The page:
Denard Robinson, QB, Michigan - After leading his team to an 11-2 record and a win over Virginia Tech in the Sugar Bowl, 'Shoelace' Robinson proved that he was way more than just a flashy playmaker in 2011. He has become one of the best dual-threat quarterbacks in NCAA history after throwing for at least 2,000 yards and rushing for at least 1,000 yards in back-to-back seasons, setting countless Michigan and Big Ten Conference records in the process. If Robinson can take the next step in making the Wolverines not only the favorites in the Big Ten but a national title contender as well, he seems likely to get an invitation to New York City in December as a Heisman finalist, and perhaps be Barkley's biggest competition.
Tyrann Mathieu, CB, LSU - Mathieu was named a Heisman finalist in 2011 in his sophomore season after an outstanding year for the SEC champion Tigers. The cornerback showed remarkable play-making ability on both defense (71 tackles, two interceptions, six forced fumbles, five fumble recoveries, two touchdowns) and on special teams (26 punt returns for 420 yards and two touchdowns). There's no doubt Mathieu is a special player, but it's difficult to forecast another season where he scores four touchdowns. Charles Woodson is the only defensive player to win the award since 1961, and like Woodson, Mathieu will again need to make a huge impact on special teams to have any chance in 2012.
Robert Woods, WR, USC - In reality, Woods' quarterback will likely steal most of his votes, but as arguably the nation's best receiver, he deserves some love on this list. As a sophomore, Woods was fantastic, earning First-Team All- America honors after finishing with 111 receptions (a Pac-12 Conference record), 1,292 yards, and 15 touchdowns. With another year together with Barkley, it's scary to think of the numbers the two can put up.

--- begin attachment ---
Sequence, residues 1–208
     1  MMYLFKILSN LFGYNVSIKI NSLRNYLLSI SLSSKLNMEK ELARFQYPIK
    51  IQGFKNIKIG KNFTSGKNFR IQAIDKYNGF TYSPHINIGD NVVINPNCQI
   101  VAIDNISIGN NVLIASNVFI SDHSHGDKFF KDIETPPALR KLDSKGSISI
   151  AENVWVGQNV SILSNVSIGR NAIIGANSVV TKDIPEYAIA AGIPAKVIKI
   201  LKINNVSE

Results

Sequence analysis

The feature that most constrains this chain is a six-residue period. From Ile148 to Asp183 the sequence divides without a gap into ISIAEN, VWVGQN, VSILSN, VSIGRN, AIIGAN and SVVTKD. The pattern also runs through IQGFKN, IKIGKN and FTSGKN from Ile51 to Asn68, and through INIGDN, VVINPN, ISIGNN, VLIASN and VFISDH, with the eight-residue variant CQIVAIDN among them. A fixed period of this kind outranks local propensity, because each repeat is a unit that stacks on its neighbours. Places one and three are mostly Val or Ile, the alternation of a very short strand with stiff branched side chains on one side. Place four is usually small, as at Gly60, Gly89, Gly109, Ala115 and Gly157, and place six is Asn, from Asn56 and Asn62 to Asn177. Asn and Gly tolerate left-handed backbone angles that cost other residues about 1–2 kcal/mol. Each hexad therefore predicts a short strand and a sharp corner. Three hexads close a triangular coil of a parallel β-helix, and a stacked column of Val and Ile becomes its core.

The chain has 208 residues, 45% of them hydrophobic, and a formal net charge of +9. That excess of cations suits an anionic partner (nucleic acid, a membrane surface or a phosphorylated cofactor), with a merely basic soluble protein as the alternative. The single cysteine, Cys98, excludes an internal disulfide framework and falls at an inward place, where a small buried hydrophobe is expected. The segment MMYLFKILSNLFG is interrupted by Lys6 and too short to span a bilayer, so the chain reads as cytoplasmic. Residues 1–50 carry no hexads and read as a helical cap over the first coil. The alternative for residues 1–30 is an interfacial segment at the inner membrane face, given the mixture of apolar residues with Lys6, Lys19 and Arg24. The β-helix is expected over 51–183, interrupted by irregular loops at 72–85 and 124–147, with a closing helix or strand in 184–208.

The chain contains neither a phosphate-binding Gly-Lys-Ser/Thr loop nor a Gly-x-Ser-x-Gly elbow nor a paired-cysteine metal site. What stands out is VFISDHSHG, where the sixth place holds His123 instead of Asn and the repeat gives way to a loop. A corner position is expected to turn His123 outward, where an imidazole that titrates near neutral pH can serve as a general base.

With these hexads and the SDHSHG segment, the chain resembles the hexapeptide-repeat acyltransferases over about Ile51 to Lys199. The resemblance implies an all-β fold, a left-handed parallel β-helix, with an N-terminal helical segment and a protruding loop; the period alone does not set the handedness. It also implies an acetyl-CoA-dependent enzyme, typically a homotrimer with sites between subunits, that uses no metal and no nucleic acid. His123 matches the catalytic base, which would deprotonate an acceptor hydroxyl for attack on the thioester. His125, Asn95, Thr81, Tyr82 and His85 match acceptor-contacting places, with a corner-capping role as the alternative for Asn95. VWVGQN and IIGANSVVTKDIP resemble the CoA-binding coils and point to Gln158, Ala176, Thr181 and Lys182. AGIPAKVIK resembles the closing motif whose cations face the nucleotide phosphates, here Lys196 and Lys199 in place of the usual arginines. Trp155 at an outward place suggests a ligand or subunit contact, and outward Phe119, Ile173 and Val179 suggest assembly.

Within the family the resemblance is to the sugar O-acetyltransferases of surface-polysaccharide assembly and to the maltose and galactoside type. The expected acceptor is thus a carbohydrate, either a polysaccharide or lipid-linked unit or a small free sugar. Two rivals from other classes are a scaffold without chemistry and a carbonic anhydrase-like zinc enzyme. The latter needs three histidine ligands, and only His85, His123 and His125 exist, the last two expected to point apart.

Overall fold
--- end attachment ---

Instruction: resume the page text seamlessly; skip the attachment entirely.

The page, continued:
Geno Smith, QB, West Virginia - Smith set the Big East Conference on fire last season, thriving under head coach Dana Holgorsen's new pass-based offensive system to the tune of conference-record 4,379 yards and 31 touchdowns against only seven interceptions. He capped off his record-setting year with an amazing performance in the Mountaineers' 70-33 shellacking of Clemson in the Orange Bowl with 401 yards and six touchdowns. West Virginia moves from the Big East to the Big 12 this season, but Smith and company shouldn't miss a beat in their new pass-happy conference.
Sammy Watkins, WR, Clemson - Watkins in a wild card here due to his unlimited upside as a big-play receiver. After hauling in 82 passes for 1,219 yards and 12 touchdowns in 2011, the 6-1 receiver became just the third true freshman ever to be named First-Team All-American by the AP, joining Herschel Walker and Adrian Peterson. Watkins was also an asset in the running game (229 rushing yards) and on special teams (695 return yards), and if he progresses at all in his sophomore campaign, it's going to be hard to ignore him.
Knile Davis, RB, Arkansas - Davis was red-shirted in 2011 following a season- ending ankle injury suffered in practice last August, and without him Arkansas still managed to make noise in the SEC West with an 11-2 record. Now healthy, the junior will attempt to improve upon his 2010 season, when he was one of the most effective backs in the conference with 1,322 yards and 13 touchdowns. Also keep an eye on Razorback quarterback Tyler Wilson, who tossed 24 touchdowns against just six interceptions last season, as another dark horse, as Arkansas dives into the 2012 season as a team with both the ability and opportunity to make headway in the BCS standings.
06/27 10:45:53 ET